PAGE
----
Old Favorites: Kurosawa’s Throne of Blood

A while back I made a vow to ignore the pulsating mediocrity of our degenerate film industry and embrace film classicism. This hasn’t exactly panned out how I envisioned it, as there’s only so much scratch you can throw around for Criterion Blu-Rays when you have mouths to feed. However, a flash sale enabled me to get my hands on an old favorite: Kurosawa’s 1957 adaptation of Macbeth. It goes under the title “Throne of Blood”, and I was first introduced to it in my younger days.

Its plot recreates Macbeth entirely, making only changes in naming and dialogue (Washizu, the Macbeth of this story, copies MacBeth’s first line “So fair and foul a day I have not seen,” pretty fully, though). In the place of Medieval Scotland, we have Spider’s Web Castle, seat of a powerful daimyo (the petty kings of Medieval Japan), which appears at the opening and closing of the film as an ruin with a monument, like Shelley’s Ozymandias. There’s an idea that while the past may be dead and buried, and the things that animated ancient struggles nothing more than vanity and chasing after wind, nevertheless their ghosts still haunt us. The past is past, but it is also prologue, even if we don’t fully understand the story.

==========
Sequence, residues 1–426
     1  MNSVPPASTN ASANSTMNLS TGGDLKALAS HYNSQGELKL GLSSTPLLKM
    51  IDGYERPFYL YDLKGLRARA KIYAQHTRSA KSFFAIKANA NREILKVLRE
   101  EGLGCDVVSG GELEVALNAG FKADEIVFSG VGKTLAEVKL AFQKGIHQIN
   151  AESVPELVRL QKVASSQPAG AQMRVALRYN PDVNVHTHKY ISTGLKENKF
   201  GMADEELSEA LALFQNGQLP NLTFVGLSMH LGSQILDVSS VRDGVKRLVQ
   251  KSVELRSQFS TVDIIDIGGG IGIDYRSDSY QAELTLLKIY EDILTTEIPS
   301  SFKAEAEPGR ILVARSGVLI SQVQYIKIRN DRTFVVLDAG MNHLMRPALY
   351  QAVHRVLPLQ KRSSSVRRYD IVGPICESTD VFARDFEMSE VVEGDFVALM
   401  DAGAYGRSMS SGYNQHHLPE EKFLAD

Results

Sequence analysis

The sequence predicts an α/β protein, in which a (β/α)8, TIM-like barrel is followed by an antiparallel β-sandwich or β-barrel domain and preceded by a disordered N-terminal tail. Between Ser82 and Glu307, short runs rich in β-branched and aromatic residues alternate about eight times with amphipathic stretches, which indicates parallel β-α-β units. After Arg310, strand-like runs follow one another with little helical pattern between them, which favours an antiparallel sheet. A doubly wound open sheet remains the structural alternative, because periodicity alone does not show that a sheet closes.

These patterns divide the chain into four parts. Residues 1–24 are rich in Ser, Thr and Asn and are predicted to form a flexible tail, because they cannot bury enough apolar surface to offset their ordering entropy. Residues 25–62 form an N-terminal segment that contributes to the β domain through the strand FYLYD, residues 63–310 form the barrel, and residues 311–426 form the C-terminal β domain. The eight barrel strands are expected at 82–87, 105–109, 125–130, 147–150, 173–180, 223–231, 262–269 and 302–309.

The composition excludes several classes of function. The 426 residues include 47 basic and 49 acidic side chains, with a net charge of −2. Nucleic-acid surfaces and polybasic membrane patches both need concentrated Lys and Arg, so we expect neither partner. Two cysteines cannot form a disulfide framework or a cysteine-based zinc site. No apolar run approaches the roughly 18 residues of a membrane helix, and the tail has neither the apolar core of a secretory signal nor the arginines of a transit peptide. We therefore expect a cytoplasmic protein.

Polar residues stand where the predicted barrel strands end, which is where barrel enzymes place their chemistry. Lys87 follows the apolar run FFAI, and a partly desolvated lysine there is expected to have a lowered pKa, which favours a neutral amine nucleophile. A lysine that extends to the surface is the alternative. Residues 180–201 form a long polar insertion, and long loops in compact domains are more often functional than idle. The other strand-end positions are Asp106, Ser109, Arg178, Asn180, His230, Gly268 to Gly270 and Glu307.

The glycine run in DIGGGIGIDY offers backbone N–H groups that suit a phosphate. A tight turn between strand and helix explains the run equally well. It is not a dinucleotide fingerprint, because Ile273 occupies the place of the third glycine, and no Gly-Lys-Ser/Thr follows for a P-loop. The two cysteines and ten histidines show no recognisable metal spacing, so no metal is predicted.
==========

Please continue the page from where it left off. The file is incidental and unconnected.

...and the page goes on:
Re-setting the Macbeth tale of ambition, regicide, tyranny, and comeuppance in Japan allows the cruel nihilism of the story to find a spiritual home in that country’s Zen and Shinto worldview. Shakespeare’s play ignores Catholicism, letting the Heathen witches dominate the tale, giving Macbeth an oracular doom he is no more able to counteract than Oedipus was. In Throne of Blood, the Three Wierd Sisters become a Single Spirt, a kami that laughs at man in a cosmic sense, a being unto-death. He is not here to corrupt Washizu, to accomplish some chaotic goal. He simply does not care, because there is nothing to care about. Life is to be glorious and short, like the cherry blossom. What else would it be?